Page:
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In the C language

  1. At most one activation record exists between the current activation record and the activation record for the main
  2. The number of activation records between the current activation record and the activation records from the main depends on the actual function calling sequence.
  3. The visibility of global variables depends on the actual function calling sequence
  4. Recursion requires the activation record for the recursive function to be saved in a different stack before the recursive function can be called.
asked in Programming by Veteran (59.4k points)
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  1. Each function call starts a new activation record and since C allows nested function calls more than once activation record can exist between the current activation record and main.
  2. TRUE
  3. Since, C uses static scoping, the actual function calling sequence has no impact on the visibility of global variables. If a variable is not found in the current activation record, it is looked in global address space and this is independent of the calling sequence.
  4. All function calls- whether recursive or not uses the same stack for saving the activation record. There is no need for a different stack as for C compiler a recursive function call and a normal function call make no difference.
answered by Veteran (339k points)
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@arjun sir

thse things are little contradictory explain it more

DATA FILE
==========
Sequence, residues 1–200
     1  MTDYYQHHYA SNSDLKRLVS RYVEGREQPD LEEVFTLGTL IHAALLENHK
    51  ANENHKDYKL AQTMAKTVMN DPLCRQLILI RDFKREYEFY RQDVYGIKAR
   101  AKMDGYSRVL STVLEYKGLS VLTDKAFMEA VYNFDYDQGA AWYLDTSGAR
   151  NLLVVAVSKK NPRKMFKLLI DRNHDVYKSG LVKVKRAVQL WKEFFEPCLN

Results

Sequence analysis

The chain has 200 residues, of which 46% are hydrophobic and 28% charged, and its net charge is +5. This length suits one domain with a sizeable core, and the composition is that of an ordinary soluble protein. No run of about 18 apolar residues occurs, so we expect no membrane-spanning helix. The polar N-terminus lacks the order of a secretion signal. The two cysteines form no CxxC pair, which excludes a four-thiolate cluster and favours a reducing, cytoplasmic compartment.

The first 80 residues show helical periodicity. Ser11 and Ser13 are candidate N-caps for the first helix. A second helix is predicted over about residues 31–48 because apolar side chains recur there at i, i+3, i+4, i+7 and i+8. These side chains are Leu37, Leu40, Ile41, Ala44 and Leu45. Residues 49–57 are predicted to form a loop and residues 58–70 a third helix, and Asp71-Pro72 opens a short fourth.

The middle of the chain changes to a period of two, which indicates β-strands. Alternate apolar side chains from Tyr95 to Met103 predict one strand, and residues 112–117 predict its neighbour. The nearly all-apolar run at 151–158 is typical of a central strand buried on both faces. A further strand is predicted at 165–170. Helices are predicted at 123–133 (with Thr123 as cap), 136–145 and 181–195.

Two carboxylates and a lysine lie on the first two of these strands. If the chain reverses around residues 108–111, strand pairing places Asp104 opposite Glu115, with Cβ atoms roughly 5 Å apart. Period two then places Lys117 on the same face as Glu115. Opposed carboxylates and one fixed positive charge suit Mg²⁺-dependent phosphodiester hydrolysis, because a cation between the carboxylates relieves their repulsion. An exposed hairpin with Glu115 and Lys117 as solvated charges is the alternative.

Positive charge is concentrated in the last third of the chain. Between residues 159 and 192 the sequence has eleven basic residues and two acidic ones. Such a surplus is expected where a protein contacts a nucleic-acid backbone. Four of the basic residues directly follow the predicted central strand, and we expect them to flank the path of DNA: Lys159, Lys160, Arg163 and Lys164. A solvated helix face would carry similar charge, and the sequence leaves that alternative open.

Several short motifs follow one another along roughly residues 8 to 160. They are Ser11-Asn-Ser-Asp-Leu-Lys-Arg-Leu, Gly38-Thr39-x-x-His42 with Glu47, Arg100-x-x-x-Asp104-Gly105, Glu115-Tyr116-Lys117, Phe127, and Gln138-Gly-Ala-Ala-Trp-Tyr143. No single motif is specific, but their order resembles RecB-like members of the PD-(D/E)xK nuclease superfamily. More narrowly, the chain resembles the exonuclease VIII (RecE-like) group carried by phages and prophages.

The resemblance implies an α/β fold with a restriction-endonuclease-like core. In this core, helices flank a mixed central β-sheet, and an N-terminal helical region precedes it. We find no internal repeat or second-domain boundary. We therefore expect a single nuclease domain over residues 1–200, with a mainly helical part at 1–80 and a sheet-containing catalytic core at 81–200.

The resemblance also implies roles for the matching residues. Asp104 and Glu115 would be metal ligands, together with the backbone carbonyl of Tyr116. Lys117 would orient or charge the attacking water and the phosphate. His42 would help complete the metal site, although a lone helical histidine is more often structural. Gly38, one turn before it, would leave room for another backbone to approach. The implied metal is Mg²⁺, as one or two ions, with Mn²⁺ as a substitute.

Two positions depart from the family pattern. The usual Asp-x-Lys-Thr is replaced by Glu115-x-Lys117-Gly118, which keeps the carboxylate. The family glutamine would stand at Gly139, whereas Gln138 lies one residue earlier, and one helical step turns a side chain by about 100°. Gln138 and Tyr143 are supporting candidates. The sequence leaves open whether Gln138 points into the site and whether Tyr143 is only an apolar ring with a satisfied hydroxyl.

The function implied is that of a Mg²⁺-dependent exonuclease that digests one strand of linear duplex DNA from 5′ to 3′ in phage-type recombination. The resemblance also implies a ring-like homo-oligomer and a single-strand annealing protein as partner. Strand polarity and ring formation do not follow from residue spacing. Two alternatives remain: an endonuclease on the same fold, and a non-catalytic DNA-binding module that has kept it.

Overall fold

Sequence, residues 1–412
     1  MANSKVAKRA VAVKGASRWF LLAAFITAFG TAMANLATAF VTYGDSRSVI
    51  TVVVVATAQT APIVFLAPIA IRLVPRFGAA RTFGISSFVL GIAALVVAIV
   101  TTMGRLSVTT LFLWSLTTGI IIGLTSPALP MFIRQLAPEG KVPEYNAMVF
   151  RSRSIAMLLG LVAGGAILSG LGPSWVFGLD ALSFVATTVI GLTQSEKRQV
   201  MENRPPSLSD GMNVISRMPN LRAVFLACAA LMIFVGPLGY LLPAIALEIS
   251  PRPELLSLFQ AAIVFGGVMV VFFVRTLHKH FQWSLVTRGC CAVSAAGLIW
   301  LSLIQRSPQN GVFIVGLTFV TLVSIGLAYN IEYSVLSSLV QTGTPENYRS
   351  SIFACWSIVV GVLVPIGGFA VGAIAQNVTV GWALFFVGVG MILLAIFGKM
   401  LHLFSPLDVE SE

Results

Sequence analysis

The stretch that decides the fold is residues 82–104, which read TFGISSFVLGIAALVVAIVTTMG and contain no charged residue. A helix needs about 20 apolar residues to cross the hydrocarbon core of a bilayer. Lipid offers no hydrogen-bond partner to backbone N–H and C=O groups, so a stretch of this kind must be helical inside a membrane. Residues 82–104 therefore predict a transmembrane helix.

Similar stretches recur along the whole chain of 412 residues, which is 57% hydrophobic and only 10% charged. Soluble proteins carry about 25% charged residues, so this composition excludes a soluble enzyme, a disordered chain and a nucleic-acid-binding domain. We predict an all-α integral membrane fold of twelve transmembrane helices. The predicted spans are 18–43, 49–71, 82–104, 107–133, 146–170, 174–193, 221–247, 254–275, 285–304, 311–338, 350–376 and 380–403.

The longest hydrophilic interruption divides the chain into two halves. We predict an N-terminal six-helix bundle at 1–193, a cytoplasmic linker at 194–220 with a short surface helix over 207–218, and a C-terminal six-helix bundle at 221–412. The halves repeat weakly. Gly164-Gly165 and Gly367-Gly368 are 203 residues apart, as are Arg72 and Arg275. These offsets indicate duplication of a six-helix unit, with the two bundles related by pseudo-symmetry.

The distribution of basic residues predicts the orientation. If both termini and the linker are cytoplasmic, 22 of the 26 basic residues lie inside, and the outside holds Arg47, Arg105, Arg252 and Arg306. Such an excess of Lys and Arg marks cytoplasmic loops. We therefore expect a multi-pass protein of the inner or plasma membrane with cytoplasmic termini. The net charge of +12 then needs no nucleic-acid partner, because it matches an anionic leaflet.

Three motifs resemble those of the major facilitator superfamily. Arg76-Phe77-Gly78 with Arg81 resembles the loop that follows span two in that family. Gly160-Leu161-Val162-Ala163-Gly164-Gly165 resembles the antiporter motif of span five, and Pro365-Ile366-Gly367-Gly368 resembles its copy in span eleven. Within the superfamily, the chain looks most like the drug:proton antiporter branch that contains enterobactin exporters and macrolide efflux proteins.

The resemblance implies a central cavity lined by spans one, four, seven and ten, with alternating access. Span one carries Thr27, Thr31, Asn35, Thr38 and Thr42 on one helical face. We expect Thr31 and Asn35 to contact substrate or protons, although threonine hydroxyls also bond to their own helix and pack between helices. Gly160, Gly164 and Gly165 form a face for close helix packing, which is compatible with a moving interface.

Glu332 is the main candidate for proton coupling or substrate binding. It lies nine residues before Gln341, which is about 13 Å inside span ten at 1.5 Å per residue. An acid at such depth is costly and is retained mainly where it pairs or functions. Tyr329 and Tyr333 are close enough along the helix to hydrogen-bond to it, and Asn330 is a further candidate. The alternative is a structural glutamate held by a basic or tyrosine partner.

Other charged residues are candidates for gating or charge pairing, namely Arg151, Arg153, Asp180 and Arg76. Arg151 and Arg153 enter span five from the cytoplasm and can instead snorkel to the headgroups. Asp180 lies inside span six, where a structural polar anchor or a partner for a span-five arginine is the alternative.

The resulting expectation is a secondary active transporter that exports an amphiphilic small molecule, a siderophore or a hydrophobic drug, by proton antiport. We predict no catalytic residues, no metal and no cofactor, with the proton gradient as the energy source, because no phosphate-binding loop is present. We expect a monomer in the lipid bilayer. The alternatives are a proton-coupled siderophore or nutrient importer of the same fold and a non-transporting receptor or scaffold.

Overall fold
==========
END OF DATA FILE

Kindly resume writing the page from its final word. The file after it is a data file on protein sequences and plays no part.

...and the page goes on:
Each function call starts a new activation record and since C allows nested function calls more than once activation record can exist between the current activation record and main.

 

All function calls- whether recursive or not uses the same stack for saving the activation record. There is no need for a different stack as for C compiler a recursive function call and a normal function call make no difference.
0
Do activation record and stack same?
+3

@srestha

Activation Record

A data structure containing the important state information for a particular instance of a function call (or something that resembles a function call). May exist entirely in memory, or be partially stored in registers. Typically, an ActivationRecord contains the following:

 

  • A pointer to the ActivationRecord of the caller (commonly known as the DynamicChain), though in a language with ContinuationPassingStyle even this isn't necessary (when the function returns, it does so via the supplied continuation; rather than the DynamicChain).
  • In languages which allow nested LexicalScoping, a pointer to the ActivationRecord of the enclosing scope (aka the ReferencingEnvironment) - this pointer is called the StaticChain. In most such languages, it is generally a requirement that somewhere up the call chain, the enclosing function have been called (but in concurrent languages it may have been called in a different thread). In languages like C/C++ where nested LexicalScopes are disallowed (or restricted), a StaticChain is unnecessary. Java InnerClasses also seem to be designed in order to avoid aStaticChain.
  • Local variables (frequently cached in registers)
  • Actual parameters to the function (also frequently cached in registers)
  • Space for the (eventual) return value of the function.


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